The Netherlands will not ‘take over’ Ukrainian refugees from other countries


the time being, the cabinet does not intend to offer countries such as Poland and Hungary to take over Ukrainian refugees. In a debate, several MPs asked Secretary of State Van der Burg for Justice and Security whether those countries should not be relieved, because they are already taking up huge numbers of Ukrainians.

In Poland, for example, there are now about 2 million. But Van der Burg said that Poland and Hungary have so far not asked for such a ‘redistribution’ and that now the cabinet will not offer it on its own.

The European Commission and Poland have asked the Netherlands to accommodate Ukrainians if they express their desire to travel from Poland. Van der Burg has pledged to do so in such a case. He added that Ukrainians who want to travel through Germany to the Netherlands by train from Poland do not have to pay travel expenses.

Poland and the EU welcome Ukrainian refugees with open arms. But at the same time, refugees are still trapped at the border with Belarus. Correspondent Arjen van der Horst spoke to an Iraqi migrant:

The Secretary of State stressed that he constantly talks about the situation with various people and agencies. There will be another consultation with his European colleagues on Monday.

Van der Burg said that the Netherlands makes an exception for Ukrainian refugees in Moldova. The cabinet announced on Monday that the Netherlands will take over about 500 from that group; other EU countries take care of a total of 14,000. The Secretary of State added that Moldova is now taking the most Ukrainians per capita, while being the poorest country in Europe.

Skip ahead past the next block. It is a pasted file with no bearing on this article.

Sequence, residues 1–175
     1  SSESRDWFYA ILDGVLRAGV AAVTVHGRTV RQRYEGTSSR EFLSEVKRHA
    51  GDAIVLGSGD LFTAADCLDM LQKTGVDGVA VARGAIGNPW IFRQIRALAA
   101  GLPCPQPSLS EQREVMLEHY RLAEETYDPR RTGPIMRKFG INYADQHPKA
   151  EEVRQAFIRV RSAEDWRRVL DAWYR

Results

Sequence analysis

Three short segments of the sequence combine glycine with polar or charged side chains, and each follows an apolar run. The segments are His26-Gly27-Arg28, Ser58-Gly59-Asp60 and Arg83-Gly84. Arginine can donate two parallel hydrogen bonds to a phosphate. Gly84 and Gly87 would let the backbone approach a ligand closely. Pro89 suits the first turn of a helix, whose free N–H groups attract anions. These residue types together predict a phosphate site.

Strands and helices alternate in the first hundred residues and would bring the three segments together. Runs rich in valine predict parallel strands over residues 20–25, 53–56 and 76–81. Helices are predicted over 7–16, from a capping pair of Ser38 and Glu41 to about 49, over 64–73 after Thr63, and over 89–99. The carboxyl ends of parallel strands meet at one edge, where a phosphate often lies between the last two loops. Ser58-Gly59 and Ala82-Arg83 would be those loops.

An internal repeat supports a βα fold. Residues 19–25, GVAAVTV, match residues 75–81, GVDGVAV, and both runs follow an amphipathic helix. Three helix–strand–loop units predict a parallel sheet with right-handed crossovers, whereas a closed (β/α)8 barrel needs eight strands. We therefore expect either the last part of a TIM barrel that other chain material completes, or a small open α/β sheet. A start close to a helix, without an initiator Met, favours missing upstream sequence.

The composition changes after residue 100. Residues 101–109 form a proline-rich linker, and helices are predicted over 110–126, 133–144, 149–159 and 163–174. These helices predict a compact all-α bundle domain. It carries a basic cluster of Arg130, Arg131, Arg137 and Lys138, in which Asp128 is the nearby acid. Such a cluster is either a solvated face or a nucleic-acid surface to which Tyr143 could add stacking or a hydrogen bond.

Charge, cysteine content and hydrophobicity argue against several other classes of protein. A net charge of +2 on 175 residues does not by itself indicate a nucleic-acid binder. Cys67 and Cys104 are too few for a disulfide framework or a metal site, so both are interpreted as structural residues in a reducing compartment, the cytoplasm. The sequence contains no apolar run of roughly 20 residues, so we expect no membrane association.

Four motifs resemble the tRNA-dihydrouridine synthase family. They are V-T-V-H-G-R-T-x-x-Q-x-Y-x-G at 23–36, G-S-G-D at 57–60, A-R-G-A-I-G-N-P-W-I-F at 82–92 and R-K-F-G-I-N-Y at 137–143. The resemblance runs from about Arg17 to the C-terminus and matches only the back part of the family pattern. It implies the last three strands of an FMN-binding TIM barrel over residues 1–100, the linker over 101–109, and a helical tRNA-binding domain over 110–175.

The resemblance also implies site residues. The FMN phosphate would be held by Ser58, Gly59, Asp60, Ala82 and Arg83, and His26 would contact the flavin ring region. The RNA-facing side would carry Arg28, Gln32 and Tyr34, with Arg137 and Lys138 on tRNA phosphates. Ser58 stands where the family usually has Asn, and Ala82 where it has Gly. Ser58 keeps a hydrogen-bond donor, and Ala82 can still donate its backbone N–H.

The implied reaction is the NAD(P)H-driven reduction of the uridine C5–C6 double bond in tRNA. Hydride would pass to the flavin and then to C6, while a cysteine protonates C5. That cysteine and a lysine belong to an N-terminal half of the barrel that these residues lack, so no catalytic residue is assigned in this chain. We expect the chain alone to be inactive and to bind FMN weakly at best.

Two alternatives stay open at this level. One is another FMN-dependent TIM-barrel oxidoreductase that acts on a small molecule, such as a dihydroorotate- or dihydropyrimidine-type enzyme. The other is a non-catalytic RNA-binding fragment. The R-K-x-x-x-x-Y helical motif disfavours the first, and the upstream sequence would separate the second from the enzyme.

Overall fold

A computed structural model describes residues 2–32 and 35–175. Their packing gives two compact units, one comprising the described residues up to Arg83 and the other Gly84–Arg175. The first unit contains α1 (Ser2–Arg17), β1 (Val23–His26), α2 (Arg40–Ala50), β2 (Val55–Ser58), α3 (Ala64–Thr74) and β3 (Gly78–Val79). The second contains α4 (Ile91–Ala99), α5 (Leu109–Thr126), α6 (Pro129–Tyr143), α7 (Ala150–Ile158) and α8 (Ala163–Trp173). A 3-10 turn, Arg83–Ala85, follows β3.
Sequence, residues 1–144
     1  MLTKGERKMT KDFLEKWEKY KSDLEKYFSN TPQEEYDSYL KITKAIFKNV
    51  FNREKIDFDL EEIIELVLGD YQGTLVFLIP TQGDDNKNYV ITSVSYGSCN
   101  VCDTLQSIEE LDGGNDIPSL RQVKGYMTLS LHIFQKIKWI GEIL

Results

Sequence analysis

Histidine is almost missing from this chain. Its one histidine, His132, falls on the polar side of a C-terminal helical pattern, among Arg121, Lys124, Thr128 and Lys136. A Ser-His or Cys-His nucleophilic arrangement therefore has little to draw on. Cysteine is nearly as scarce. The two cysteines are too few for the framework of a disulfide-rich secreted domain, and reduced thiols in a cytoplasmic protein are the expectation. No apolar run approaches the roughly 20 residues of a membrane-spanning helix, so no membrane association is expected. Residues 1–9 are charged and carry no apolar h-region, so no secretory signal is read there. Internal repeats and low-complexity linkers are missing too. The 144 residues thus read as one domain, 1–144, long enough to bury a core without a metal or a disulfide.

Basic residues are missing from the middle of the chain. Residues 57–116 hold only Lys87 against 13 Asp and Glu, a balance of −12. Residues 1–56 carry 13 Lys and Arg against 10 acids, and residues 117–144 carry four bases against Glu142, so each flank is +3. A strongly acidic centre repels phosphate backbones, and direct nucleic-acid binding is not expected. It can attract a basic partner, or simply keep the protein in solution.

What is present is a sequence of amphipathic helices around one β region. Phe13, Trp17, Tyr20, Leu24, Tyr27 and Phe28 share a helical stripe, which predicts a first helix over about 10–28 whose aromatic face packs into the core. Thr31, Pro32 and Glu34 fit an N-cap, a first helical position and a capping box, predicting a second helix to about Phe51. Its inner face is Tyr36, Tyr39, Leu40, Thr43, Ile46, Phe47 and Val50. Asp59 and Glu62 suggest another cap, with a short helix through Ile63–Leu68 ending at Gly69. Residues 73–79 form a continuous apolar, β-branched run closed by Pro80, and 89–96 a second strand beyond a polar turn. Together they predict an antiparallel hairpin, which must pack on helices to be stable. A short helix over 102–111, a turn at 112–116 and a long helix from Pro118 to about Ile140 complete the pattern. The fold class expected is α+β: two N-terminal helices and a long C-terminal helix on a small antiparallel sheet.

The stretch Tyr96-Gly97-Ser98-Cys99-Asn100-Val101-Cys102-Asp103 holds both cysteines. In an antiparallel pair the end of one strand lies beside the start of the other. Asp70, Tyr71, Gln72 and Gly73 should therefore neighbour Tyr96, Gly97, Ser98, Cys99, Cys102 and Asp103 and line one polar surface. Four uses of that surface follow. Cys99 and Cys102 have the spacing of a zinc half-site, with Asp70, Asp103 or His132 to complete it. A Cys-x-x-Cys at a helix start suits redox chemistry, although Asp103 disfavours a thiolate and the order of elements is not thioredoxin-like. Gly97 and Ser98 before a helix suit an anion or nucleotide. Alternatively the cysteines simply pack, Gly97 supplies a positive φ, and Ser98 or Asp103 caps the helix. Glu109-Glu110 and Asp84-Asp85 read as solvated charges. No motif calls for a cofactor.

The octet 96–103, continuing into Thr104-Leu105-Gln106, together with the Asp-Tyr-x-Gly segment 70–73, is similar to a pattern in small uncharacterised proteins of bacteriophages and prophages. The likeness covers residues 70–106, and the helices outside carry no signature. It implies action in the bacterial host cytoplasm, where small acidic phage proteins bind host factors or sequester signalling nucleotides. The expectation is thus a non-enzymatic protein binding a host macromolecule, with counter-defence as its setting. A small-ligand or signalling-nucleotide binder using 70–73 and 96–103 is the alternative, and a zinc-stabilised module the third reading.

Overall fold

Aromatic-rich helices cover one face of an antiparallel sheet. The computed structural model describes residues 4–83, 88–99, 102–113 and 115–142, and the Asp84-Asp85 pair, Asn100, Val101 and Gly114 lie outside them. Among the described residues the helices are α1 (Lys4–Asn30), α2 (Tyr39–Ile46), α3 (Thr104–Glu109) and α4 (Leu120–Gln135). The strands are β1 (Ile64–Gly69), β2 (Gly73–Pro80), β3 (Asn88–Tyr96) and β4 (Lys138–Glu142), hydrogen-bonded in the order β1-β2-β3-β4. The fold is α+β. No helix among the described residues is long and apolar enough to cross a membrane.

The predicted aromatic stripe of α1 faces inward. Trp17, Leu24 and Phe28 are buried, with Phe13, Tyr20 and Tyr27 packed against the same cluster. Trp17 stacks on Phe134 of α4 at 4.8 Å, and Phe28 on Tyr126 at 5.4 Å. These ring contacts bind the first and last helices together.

Seriously more than 50,000 places

In the debate, Van der Burg also said that municipalities have so far arranged 26,000 places for Ukrainian refugees together and that this should be up to 50,000. He takes into account that seriously much more places are needed in the longer term. The cabinet looks at whether, for example, people can also be accommodated in vacant state buildings.

Van der Burg stressed that he cannot force municipalities to provide housing for Ukrainians, as little as for regular refugees from other countries. He is concerned about the latter group: until April 1, which is already next week, he will be short of a thousand places for their shelter and until 1 July 3500. He hopes that municipalities will continue to register to arrange care for them as well. If municipalities only want to house Ukrainians and no other groups, that is allowed.